Low-density lipoprotein metabolism and its association to plasma lipoprotein(a) in the nephrotic syndrome

P. Stenvinkel, Lars Berglund, S. Ericsson, A. Alvestrand, B. Angelin, M. Eriksson

Research output: Contribution to journalArticle

16 Scopus citations

Abstract

Patients with nephrotic syndrome have multiple abnormalities of lipoprotein metabolism, but the cause and exact nature of these abnormalities have not been established. In the present study we have determined the kinetics of plasma low-density lipoprotein (LDL) apoB in seven nephrotic patients demonstrating an elevated LDL apoB production rate (25.7 ± 6.4 vs. 13.1 ± 0.3 mg kg-1 day-1; P < 0.001) but a normal LDL apoB fractional catabolic rate (FCR) (0.31 ± 0.04 vs. 0.33 ± 0.008 pools day-1; NS) compared with 41 healthy control subjects. However, two out of the seven patients had a markedly low LDL apoB-FCR. Serum albumin was inversely correlated with the LDL apoB production rate (R = -0.82; P < 0.05). Plasma lipoprotein(a) [Lp(a)] levels were significantly (P < 0.001) increased in the nephrotic patients compared with control subjects. Significant correlations were observed between log Lp(a) and LDL apoB production rate (R = 0.90; P < 0.01), VLDL-cholesterol (R = 0.95; P < 0.001) and VLDL-triglycerides (R = 0.80; P < 0.05) respectively. In summary, the present study suggests that nephrotic hyperlipidaemia may be caused by at least two independent mechanisms. The elevated LDL apoB production rate is highly correlated with the prevailing levels of serum albumin, whereas some nephrotic patients seem to have a decreased LDL apoB clearance, suggesting impaired LDL receptor-mediated clearance. The present results also suggest that the elevated plasma Lp(a) levels in nephrosis are related to an increased hepatic synthesis rather than a decreased catabolism of lipoproteins.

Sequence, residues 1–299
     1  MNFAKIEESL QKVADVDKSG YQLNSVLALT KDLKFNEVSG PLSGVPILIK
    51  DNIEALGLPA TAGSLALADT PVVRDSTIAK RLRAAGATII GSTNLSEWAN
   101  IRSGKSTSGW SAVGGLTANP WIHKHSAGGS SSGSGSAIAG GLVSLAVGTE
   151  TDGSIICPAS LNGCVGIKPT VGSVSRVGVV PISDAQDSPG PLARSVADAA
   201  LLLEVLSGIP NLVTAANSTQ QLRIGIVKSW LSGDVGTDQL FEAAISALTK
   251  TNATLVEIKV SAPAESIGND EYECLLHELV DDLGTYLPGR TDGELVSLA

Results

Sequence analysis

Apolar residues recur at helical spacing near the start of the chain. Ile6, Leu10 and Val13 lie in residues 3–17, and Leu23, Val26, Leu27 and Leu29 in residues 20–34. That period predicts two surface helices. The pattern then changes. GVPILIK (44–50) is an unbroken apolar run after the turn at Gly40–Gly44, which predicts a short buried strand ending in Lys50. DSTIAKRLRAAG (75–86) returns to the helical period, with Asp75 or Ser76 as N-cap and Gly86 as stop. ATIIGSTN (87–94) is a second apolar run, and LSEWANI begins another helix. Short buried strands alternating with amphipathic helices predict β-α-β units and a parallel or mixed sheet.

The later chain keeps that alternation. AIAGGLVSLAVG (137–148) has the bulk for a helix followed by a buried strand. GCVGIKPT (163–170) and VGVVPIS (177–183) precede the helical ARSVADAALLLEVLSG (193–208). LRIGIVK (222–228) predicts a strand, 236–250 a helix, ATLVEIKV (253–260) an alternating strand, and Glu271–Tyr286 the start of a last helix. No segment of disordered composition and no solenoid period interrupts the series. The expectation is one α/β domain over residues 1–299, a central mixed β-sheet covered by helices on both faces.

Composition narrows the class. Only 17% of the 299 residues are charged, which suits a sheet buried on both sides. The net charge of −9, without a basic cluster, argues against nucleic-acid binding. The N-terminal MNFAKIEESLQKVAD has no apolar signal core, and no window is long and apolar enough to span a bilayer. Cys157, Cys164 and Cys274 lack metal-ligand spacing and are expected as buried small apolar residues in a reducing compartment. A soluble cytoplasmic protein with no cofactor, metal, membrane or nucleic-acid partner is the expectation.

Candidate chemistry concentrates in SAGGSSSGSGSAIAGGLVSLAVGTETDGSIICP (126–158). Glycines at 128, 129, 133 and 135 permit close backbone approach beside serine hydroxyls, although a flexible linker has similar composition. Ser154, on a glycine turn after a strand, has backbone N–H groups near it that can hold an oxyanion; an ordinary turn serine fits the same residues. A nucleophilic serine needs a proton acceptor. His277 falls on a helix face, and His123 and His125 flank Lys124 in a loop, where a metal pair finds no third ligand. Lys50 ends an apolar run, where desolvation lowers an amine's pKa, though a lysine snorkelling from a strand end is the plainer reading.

Original languageEnglish (US)
Pages (from-to)169-177
Number of pages9
JournalEuropean Journal of Clinical Investigation
Volume27
Issue number2
StatePublished - 1997
Externally publishedYes

Keywords

  • LDL kinetics
  • LDL-cholesterol
  • lipoprotein(a)
  • nephrotic syndrome
  • serum albumin

ASJC Scopus subject areas

  • Medicine(all)

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